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Artist’s statement

At the beginning of a personal project, I identified my own problem - I include too many problems in one work. After which I tried to focus on only one issue and develop it. Throughout the course, step by step, I went through objects that I did not notice separately: a jug, an apple, a bookshelf, light, a cloud, a house, a tree, and finally a man. For some reason, I could not before separate a particular object from a number of other similar ones. But the course guided me, in stages, and this allowed me to get used to making out the main thing and discarding the unnecessary. I don’t know how much I showed it in my last work, but there is an understanding of this. In fact, I started working on the course in June 2018. During this time, I learned how to create work on the iPad (which I did not do before) and combine them with analog drawings, started mixing materials and at the moment I have mastered working with video, photography and projection.

It was invaluable that I understood how to look at other artists and how to learn from them. For starters, it was important to determine what I like and what not. The article How to Be an Artist by Jerry Saltz brought more clarity to the process:

Lesson 12: Know What You Hate
Lesson 3: Feel Free to Imitate
Lesson 11: Listen to the Crazy Voices in Your Head
Lesson 28: What You Don’t Like Is As Important As What You Do Like
(Saltz [online])

I reflected the lessons from the article in order of importance to me. I really analyzed a lot of what I don't like. I do not like unmixed paint, academic painting, kitsch, Instagram, manifestations of homosexuality and dirty feminism. I prefer abstraction, bold, emotional lines, color depth and digital work. But I learned to be open to "mine not."

I studied by artists such as:

· Kazimir Malevich - how to highlight the main thing and remove all unnecessary

· Pablo Picasso - how to change and transform

· Wassily Kandinsky - how to be true to yourself, listen to an inner call and how to work with an abstract composition

· Joan Mitchell - how to show emotions in abstraction

· Cy Twombly - how to search and build composition in abstract work

· Franz Kline - how to love

· Morita Shiryū - how to show the beauty of one line

· David Hockney - how to be academic and modern at the same time

· Petra Cortright - how to use digital art

· Tracey Emin - how to be a provocateur in art

· Jenny Saville - how to be a mom and a professional

· Albert Oehlen - how to build 3D volume in abstract work

· Matthew Stone - how to use old material in a new way

· Katja Novitskova - how to build a theory for your work

It may seem strange to choose a theme such as a portrait for the final work, when, as I always said, I prefer abstraction. But for me this is quite natural, since the first, I was always sure that the trees, mountains and everything else would remain that way for billions of years, but the person only for several decades. Therefore, man is what makes this world - the World. This subject remains my main interest. Second, a portrait requires figurativeness, and combining figurative and abstract is a big challenge, which I like. Great examples of this combination for me were Franz Kline and Malevich.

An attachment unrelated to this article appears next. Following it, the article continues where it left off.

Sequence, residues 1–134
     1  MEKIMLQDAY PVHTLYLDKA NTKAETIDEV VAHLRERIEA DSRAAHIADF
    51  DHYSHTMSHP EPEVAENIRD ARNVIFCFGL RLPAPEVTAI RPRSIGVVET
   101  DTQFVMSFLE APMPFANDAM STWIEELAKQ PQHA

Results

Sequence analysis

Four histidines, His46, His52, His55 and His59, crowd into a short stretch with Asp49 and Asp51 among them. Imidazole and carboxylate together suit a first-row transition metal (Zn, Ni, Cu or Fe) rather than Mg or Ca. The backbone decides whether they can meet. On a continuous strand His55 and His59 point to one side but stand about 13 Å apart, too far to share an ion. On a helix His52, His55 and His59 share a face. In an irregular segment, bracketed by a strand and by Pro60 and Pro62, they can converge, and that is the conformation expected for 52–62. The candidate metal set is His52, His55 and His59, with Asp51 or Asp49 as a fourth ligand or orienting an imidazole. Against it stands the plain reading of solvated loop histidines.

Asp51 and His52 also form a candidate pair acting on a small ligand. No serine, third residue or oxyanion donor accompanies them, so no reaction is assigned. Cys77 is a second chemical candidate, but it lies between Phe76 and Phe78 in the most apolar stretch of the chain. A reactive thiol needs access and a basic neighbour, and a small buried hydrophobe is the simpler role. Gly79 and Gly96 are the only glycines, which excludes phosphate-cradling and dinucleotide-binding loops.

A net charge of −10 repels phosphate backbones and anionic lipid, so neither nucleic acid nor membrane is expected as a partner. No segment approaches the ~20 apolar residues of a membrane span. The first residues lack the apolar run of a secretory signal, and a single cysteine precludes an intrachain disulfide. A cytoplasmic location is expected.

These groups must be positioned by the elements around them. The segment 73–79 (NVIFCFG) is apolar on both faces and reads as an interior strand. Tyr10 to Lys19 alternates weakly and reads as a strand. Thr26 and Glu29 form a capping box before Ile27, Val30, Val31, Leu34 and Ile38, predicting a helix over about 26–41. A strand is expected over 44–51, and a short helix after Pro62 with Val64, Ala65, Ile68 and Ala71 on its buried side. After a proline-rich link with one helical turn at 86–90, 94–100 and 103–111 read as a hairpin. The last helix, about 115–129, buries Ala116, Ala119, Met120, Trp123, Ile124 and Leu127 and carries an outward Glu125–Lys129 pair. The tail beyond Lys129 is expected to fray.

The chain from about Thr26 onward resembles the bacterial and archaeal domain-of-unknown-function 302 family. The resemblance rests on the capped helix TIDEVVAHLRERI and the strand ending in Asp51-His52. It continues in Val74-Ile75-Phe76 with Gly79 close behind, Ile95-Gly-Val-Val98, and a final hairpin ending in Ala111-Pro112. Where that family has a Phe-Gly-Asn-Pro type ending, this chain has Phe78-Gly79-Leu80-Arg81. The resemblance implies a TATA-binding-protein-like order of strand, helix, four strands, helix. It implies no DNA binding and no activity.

Opustena by Franz Kline [Painting] At (Accessed on 25.09.09)

Woman with Rake (1932) Kazimir Malevich. Oil, canvas 100 x 75 cm. State Tretyakov Gallery, Moscow [Painting] At (Accessed on 25.09.09)

During the course, I experimented with digital drawing, but, as I have said, I lacked materiality in digital drawing. Therefore, the solution for me was the combination of analog and digital. Thus, in fact, it turns out that the work exists but as if by half. The drawings physically hang on the wall, but it is not revealed and its potential is not shown. Until a person is involved in the process.

“Embed thought in material.” — Roberta Smith

You enter the gallery and see gray works on the gray walls. In Moscow for 9 months there is no color, only shades of gray. Therefore, I took my "favorite" color gray as the basis of the color scheme. The works are highlighted only by a frame so that the viewer can distinguish where art begins and ends, or question this borders as he will participate in f drawing on the third image and will see that frame is not an actual border.

Where are the borders of the virtual reality? The subject of these works is ordinary people. What happens to the projection in these works is fiction, fairy tale, story, poem, everything that people create for ... why do they create it actually?

I see this work as an interacting art piece with elements of theatre, poetry, real life and digital technologies. Where the simple subject matter revealed with full context after viewer experienced all the process.

Bibliography and references

1. VULTURE GUIDES NOV. 27, 2018, How to Be an Artist By Jerry Saltz [online] At (Accessed on 25.09.09)

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Reflection on Tutor Report

Thank you so much for your constructive feedback. «You have demonstrated a consistent and effective command of materials throughout the course and shown good technical and creative skills» (OCA Tutor)


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